Don’t share vile viral videos

Of all the disturbing things a parent could see on social media, child porn is one that could stir up many emotions, especially if one of the parents had themselves fallen victim to such atrocities in their own childhood,

In February, such an event caught me off-guard when I was screening my messenger correspondence and priding myself in keeping my friends respectable.

One mother thought that sending a video of a man engaging in a sexual act with a 3-year-old going viral would satisfy her sense of duty to the child being exploited.

She was totally unaware of the crime she was committing and the possibility she was putting herself in jeopardy of being labeled a person of interest for spreading child porn. Being unaware of the law is not a crime, but ignorance is not bliss when you spread a vile video to other unsuspecting friends in your social media group to see how many likes you can get.

Facebook has been under fire and after reading through materials posted on their website, a media user will find that some things viewed as obscene by one person may not be viewed in the same manner by others. According to Facebook, it is the user’s responsibility to report obscenities to their local police authorities.

The question still looms, who is responsible for removing things that are against the law, especially the exploitation of a minor? Facebook has a User Operations Manager who alerts the safety team. According to the safety team, there is a new PhotoDNA created by Microsoft and Dartmouth computer science professor Harry Farid. Supposedly, PhotoDNA can proactively detect child exploitation material on the site and can, in most cases, prevent them from being uploaded.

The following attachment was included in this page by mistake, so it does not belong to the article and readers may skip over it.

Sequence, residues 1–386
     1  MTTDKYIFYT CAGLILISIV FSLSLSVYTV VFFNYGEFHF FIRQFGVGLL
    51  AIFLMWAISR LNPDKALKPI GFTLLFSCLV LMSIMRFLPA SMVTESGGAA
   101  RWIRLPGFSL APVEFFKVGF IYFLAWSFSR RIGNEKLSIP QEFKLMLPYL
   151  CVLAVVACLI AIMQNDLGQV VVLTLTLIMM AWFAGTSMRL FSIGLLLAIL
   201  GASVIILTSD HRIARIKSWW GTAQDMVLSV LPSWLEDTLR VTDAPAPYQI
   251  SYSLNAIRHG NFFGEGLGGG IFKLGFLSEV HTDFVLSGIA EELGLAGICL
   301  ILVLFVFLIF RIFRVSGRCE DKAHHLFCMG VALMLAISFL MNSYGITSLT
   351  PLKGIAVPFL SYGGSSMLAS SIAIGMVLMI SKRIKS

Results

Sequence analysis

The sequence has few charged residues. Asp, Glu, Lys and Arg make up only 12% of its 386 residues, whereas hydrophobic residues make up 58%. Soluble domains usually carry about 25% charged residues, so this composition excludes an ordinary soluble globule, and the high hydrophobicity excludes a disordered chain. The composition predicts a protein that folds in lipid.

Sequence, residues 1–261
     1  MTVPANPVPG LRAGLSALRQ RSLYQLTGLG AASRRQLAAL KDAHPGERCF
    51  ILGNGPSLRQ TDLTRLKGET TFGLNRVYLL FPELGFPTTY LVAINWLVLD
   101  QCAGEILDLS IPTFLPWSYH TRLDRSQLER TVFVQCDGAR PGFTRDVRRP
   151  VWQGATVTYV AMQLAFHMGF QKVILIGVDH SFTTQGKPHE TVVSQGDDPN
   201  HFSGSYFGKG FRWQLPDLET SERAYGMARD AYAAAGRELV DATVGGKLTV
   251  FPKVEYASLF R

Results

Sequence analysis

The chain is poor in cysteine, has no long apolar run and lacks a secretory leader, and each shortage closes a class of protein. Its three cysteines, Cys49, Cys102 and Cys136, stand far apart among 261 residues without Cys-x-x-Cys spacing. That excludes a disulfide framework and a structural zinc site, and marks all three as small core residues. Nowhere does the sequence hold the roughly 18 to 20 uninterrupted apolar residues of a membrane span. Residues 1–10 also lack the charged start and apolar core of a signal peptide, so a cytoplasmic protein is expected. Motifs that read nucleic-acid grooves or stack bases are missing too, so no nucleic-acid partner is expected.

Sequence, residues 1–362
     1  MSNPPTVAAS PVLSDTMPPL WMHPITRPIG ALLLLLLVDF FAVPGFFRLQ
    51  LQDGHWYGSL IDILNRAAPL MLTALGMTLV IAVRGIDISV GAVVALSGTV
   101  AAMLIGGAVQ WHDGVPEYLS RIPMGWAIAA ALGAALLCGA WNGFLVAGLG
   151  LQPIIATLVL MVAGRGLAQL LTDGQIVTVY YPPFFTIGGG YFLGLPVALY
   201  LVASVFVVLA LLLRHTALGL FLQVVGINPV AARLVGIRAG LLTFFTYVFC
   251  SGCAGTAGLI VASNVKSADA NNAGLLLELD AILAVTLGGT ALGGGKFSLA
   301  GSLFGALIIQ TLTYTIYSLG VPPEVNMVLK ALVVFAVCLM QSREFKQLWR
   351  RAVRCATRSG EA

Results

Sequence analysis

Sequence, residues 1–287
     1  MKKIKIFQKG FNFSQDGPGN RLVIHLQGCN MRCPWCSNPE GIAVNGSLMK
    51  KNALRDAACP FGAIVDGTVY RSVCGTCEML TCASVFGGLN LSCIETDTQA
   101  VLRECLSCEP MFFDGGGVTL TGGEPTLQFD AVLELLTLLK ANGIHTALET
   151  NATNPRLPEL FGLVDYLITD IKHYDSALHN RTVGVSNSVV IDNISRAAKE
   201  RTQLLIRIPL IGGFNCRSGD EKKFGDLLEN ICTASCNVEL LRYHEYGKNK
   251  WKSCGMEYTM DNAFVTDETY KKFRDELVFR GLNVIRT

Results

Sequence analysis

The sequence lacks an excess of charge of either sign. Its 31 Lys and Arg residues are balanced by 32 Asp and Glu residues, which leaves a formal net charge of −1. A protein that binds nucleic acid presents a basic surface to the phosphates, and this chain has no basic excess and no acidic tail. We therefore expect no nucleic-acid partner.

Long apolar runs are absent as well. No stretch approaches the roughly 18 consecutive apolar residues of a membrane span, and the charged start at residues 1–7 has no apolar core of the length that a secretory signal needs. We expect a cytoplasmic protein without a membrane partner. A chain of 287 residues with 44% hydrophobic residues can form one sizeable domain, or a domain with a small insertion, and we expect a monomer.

The PhotoDNA failed miserably and still to this date, the video is being circulated.

The good news is the male perpetrator has been apprehended and jailed. News sources reported that the minor was “safe.”

With the backlash Facebook has endured over the past year alone, it is clear this site is no longer a favorite of a once loyal participant. It is a difficult decision to make because of family members and high school friends who have not migrated to popular sites like Instagram, Twitter or Snapchat, but it’s time to consider cutting`the cord.